A Passion for Sparks > US Department of Defense > History


When some people enter the working world, they have the chance to land a job in exactly the field they want.

Other people take a job in another field and have even better luck discovering a passion they didn’t know they had.

Such is the case of Navy Chief Petty Officer Ian Acuzar, a computer engineering student at university who enlisted as a hull maintenance technician.

A job – or qualification, in Navy lingo – that required welding wasn’t in his plans, but when he found out about it, he was hooked. He loves it so much that he now teaches welding to others in his spare time.

Job title:
Installation Training Agent

Olongapo, Philippines and Port Orchard, Wash.

Naval Air Facility Misawa, Japan

Training Department

Talk about your journey to becoming a sailor. When and why did you join and how did you become a hull maintenance technician?

My father was an aviation storekeeper from 1968 to 1992, and I have a brother who is an aviation mate.

I joined the team in August 2002 after graduating from college in the Philippines. I graduated with a Bachelor of Science in Computer Engineering in 2002. The Information System Technician rating is what I was interested in because of my background.

Long story short, I had no family in the US and only lived with a family friend. The family was leaving and I had to ship early. Eventually my recruiter told me that the only way to ship early was to choose the Hull Maintenance Technician qualification and then convert [to a different rating] later.

I had never welded in my life before, but I was first in my class at “A” school. (Note: Sailors go to “A” school after boot camp for technical training in their specific rating.)

You are currently an Installation Training Officer at Naval Air Facility Misawa, which involves managing exercise requirements and installation readiness. But you continue to teach welding in addition to your daily work. Why and how do you make it work with your schedule?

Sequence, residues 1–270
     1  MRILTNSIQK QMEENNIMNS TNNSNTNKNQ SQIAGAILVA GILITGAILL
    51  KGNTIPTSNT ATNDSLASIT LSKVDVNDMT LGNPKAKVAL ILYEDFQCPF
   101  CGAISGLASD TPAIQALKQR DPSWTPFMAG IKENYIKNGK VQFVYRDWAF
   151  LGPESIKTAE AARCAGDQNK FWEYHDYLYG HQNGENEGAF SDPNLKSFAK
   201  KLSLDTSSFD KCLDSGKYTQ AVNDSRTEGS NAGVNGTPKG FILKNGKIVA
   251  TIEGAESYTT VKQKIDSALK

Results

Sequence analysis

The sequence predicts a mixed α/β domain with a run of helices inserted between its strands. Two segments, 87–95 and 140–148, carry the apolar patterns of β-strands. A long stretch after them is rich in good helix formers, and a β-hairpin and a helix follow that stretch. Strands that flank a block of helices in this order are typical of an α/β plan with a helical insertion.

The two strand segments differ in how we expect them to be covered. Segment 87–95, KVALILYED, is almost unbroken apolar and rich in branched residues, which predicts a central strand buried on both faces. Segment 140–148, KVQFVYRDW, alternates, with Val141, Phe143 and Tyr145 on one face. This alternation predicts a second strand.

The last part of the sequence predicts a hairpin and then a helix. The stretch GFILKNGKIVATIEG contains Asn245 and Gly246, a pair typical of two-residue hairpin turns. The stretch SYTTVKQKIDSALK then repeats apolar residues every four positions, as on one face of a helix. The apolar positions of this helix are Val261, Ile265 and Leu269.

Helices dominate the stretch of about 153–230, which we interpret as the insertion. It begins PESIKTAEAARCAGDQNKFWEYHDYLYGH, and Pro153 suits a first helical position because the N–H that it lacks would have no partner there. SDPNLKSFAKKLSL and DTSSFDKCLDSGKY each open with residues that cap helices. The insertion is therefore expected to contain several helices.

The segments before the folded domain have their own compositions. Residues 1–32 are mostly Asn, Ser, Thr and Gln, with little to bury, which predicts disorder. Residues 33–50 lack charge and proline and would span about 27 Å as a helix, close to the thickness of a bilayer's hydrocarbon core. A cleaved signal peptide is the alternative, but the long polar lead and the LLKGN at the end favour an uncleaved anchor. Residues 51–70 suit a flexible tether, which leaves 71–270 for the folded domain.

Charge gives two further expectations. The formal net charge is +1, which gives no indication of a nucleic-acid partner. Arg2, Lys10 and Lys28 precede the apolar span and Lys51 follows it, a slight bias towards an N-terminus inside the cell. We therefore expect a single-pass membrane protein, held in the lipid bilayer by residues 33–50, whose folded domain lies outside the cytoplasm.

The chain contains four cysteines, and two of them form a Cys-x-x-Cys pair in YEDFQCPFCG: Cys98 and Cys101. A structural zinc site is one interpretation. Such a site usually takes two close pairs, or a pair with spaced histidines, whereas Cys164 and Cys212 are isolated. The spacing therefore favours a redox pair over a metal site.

I have always taught young sailors how to weld and had a great time guiding them on their needs and giving them advice. I was offered a part-time job here in the automotive tinkering shop to be a contract instructor for their welding program and accepted. I do it after hours and on weekends and give private lessons on request.

What do you love about teaching welding and why do most people you have taught want to learn it?

I enjoy teaching people who are open and eager to learn. The moment when you see them start to understand and have fun with what they are doing is a great experience.

People who come to learn have various reasons – to learn another skill for job opportunities, to fix their car or make modifications, to develop their artistic creativity in their love for art; or simply because they are bored here in Misawa. These are some of the reasons for my students.

What is the most interesting or difficult welding project you have ever done?

The most interesting welding project has been welding on the weather deck of a ship when there are big swells or waves – it’s kind of fun.

When you’re not teaching people to become self-employed welders, what are you doing?

Spending time with family and doing my full time job as a family driver when needed.

Want to talk about your family?

I married the love of my life, Gayle. We were childhood friends. We have been together for almost 28 years. We have two sons, Jaiden, 16, and Gage, 7, and a beautiful daughter, Geia, 13.

Have you started teaching any of your children how to weld or do you plan to?

No not yet. I love my three children so much and want them to explore and decide what they want to do. Maybe that’s why I haven’t taught them how to solder yet – they haven’t asked for anything and they’re still distracted by some of the things that keep kids and teens busy these days. I want them to enjoy their life and I will always be there to teach them what they want to learn when or if they want.


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